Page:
Transitioning from the gambling entertainment world to food and consumer products was not difficult, since they are both centered on the consumer – what drives them to use your product, how you respond to their needs and how do you innovate to remain relevant and grow? Both industries also have significant regulatory oversight that must be managed effectively.
The biggest difference in the segments is the structure. The gambling business is owned by the provincial government. They are the single shareholder. That means, decisions can be influenced by political considerations rather than the best interests of the business or customer, resulting in bad decisions on occasion. The food and CPG world are driven exclusively by an unrelenting focus on the customer. We are dealing with world-class organizations that live for growth, innovation and success and invest accordingly. It has been a very satisfying transition.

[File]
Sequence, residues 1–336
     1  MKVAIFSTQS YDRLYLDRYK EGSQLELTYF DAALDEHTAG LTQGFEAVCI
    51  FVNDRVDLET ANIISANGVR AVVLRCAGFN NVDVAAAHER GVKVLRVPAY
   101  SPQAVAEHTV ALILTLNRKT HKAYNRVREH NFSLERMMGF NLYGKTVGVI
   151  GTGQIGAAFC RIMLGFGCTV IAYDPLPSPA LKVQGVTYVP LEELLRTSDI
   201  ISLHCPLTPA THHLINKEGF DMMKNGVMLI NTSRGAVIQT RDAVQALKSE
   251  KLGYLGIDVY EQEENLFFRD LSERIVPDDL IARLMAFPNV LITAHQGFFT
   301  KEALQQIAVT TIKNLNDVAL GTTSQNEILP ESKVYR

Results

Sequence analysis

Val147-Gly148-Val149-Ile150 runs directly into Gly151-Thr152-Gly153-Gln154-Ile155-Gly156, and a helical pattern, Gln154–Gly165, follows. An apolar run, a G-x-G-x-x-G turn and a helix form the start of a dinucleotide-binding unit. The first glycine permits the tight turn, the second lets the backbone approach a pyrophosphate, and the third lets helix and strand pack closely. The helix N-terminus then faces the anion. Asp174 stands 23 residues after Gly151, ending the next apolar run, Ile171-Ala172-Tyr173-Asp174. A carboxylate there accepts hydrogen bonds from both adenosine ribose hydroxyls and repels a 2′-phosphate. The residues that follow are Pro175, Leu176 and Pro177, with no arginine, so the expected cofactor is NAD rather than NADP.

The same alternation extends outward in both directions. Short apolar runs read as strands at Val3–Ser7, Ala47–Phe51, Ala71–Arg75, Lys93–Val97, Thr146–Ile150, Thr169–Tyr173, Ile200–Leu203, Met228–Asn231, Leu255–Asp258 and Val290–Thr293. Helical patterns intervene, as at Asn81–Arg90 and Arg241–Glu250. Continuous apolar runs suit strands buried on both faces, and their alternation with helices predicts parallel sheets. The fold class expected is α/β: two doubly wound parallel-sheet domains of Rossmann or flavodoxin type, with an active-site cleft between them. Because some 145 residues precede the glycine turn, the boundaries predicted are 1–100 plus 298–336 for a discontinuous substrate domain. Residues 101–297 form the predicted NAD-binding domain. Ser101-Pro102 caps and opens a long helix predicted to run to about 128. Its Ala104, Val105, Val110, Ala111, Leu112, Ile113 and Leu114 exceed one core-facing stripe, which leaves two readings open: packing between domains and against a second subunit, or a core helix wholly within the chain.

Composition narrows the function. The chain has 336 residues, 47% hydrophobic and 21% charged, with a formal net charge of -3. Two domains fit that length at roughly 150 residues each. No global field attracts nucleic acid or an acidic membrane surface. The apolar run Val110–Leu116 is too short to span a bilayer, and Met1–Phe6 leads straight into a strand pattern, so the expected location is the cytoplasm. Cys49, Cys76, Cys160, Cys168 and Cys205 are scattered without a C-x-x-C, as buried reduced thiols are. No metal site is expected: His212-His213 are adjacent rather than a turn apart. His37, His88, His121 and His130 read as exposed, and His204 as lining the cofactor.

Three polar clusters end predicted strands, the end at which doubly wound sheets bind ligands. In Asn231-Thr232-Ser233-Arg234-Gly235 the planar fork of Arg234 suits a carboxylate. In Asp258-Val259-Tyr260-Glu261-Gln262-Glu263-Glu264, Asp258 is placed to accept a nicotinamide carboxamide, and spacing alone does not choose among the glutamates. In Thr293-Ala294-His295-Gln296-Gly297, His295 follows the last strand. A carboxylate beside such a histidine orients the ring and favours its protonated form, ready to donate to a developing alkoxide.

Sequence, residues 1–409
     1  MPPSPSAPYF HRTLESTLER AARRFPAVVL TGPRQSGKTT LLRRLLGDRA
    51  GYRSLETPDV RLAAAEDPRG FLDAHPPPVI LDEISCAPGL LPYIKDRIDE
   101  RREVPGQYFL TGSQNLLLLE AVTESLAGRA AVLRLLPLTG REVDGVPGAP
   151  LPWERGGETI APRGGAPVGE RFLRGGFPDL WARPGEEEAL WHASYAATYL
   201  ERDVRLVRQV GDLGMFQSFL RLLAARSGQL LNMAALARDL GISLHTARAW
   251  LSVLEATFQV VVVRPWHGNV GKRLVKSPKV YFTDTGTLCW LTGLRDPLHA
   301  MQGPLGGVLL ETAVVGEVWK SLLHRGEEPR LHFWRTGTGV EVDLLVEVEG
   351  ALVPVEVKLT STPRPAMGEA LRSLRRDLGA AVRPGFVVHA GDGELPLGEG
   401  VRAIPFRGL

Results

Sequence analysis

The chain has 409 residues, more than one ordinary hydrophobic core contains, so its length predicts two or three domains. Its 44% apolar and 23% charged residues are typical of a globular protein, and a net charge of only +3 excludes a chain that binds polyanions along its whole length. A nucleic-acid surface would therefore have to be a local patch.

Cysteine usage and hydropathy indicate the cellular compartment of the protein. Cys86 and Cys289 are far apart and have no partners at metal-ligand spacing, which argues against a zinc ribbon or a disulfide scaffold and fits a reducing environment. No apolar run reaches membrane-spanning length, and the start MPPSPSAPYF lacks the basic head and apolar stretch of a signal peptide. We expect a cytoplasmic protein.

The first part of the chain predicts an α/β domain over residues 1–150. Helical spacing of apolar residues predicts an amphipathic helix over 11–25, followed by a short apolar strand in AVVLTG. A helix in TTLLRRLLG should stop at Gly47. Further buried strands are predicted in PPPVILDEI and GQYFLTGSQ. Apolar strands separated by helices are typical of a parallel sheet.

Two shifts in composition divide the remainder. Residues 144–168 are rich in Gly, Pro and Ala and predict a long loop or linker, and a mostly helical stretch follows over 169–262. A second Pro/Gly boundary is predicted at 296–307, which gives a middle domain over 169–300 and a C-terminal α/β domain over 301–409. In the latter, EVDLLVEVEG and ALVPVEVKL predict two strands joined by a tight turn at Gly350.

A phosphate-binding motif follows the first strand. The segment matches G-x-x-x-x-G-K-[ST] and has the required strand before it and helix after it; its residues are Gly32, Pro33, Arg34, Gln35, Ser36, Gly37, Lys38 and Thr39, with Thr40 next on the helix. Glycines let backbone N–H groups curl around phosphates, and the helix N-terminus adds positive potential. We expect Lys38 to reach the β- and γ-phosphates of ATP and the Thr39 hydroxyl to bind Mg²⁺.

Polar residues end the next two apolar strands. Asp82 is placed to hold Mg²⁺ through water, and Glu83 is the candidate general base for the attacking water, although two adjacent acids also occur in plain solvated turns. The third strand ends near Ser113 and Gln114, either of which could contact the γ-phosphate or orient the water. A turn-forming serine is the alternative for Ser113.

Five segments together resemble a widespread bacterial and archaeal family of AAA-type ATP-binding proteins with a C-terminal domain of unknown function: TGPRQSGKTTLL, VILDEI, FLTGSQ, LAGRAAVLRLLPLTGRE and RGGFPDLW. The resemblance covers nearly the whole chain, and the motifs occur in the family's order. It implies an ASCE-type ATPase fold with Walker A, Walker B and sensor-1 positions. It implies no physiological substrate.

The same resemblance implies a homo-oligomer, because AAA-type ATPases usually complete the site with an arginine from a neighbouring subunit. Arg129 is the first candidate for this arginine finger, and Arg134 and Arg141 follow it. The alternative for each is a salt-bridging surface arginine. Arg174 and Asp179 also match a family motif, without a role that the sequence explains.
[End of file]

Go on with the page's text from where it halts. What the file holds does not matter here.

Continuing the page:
What is the strategic vision of FCPC and the strongest benefits FCPC provides to its members?
FCPC is fundamentally about enhancing member value and continually reinventing ourselves to ensure we are ahead of the curve. As a small organization, we’re expected to consistently punch above our weight. We do that, by leveraging a shared community of staff, member organizations and key stakeholders to focus on the areas where we can make a difference. The Food and Consumer Product industry is facing unprecedented challenges, including historic levels of government intervention, economic and trade concerns and dramatically changing customer expectations. Within this context, FCPC provides members with the insight, influence and collaboration to support their continued growth.